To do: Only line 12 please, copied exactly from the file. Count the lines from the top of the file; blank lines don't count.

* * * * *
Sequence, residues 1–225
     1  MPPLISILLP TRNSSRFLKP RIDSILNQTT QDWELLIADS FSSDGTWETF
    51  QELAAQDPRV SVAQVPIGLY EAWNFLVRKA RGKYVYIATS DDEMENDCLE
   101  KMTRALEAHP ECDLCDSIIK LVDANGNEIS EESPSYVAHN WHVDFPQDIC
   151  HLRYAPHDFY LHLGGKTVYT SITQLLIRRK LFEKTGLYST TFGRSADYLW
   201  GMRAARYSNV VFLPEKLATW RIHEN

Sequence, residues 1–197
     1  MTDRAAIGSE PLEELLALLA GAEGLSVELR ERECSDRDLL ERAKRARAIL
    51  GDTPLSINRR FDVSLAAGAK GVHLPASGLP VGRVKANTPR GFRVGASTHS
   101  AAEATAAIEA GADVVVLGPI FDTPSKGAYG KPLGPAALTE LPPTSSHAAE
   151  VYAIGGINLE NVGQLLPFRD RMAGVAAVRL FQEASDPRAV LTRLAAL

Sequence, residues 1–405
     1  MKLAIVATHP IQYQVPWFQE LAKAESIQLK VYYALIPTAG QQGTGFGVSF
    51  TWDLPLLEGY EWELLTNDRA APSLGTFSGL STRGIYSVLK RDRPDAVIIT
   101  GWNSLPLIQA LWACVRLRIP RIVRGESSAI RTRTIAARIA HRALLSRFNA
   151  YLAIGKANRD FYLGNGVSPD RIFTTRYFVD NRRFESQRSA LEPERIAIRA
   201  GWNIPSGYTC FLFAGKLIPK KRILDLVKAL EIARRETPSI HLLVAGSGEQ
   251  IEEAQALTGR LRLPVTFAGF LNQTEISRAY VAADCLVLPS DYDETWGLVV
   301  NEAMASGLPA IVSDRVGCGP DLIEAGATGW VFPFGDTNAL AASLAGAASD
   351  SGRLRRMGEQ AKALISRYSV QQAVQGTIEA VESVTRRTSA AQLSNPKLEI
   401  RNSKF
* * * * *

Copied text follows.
Sequence, residues 1–405